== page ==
Newcastle WWII veteran marches on Remembrance Sunday with 100 year old military charity
2 November 2015 16:10
A local blind veteran who has received vital support from Blind Veterans UK has marched to the Cenotaph on Remembrance Sunday with Blind Veterans UK.
Pamela Woodford, 93 and from Longbenton, marched with more than 100 other blind and vision-impaired veterans supported by Blind Veterans UK. She was also be joined by her Grandson James who pushed her wheelchair.
Pamela joined the Women's Royal Naval Service (WRNS) in 1941 and trained as a plotter.
Pamela says: "I still lived at home when I first started working as a plotter in the war and I would go out to HMS Calliope almost every day.
"Around the coast there were stations looking for ships and they would report back the ship's numbers to us. We would then check as to whether they were ours or the enemy. There was a huge map on the floor with wooden blocks representing all the ships."
Pamela was later posted to HMS Victory in Portsmouth and was on duty on D-Day.
She adds: "We knew the invasion was due to happen at any time and I happened to be on duty. I remember feeling very sorry for all the men heading out as the sea was so rough."
She was discharged in 1946 as a Leading Wren but went on join the Auxiliary Navy in Tyneside serving for almost 20 years. She left at the age of 69 and was awarded an MBE for her service.
Pamela began to lose her sight 10 years ago due to age-related macular degeneration (ARMD), a major cause of blindness and vision impairment in older people. She found out about Blind Veterans UK while attending a talk at her local Wrens Association.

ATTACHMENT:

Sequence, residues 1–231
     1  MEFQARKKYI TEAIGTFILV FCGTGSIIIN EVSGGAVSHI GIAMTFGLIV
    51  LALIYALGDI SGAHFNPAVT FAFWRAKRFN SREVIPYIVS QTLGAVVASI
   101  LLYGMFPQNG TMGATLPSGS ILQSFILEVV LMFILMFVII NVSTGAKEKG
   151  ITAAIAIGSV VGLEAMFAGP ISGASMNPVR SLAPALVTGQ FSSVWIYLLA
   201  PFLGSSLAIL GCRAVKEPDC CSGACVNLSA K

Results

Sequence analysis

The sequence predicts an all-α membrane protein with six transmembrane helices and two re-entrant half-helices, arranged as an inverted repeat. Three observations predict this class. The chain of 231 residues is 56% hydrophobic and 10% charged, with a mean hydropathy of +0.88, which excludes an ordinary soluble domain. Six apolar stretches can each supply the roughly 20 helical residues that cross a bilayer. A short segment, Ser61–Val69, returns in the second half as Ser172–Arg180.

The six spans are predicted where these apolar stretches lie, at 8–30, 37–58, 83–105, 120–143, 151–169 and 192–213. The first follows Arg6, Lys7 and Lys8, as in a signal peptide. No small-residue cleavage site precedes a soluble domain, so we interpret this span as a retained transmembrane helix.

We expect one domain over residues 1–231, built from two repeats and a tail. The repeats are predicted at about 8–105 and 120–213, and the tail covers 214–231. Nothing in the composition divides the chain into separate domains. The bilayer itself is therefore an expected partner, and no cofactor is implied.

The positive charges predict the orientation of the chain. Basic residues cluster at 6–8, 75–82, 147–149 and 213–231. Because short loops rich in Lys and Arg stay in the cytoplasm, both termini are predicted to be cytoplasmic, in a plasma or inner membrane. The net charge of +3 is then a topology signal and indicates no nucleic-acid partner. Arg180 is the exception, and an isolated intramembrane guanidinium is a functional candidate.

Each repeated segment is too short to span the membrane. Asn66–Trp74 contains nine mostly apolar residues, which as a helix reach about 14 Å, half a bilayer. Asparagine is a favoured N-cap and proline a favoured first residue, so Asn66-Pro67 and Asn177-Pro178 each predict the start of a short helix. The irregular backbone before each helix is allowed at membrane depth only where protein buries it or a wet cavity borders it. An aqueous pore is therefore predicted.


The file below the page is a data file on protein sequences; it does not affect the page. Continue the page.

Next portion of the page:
She says: "I always knew about Blind Veterans UK, or St Dunstan's as it used to be called, but I thought it was a charity that just helped war-blinded men. I was so pleased when I found out that they help veterans who lost their sight later in life too."
Pamela has been for an induction week at one of Blind Veterans UK's training centres in Sheffield and for holidays at other centres in Llandudno and Brighton. She has also received specialist training and equipment from the charity to allow her to continue to live as independently as possible.
She says, "Going for that initial week was so helpful. We were told about and trained on all sorts of equipment.
"The best piece of equipment Blind Veterans UK has given me is a talking reader. My daughter used to have to read my letters to me but now I'm back to doing it by myself.
"There's always someone there on the end of the phone and the staff at the charity are so helpful."
Pamela marched at the Cenotaph for the third time joining other vision-impaired ex-Service men and women supported by Blind Veterans UK as part of the national Remembrance Sunday commemorations on Sunday.
She adds, "Remembrance Sunday means a lot to me. It's a chance to remember friends who have died.
"This year was extra special for me as, not only was I be marching with Blind Veterans UK, but also with my lovely Grandson James."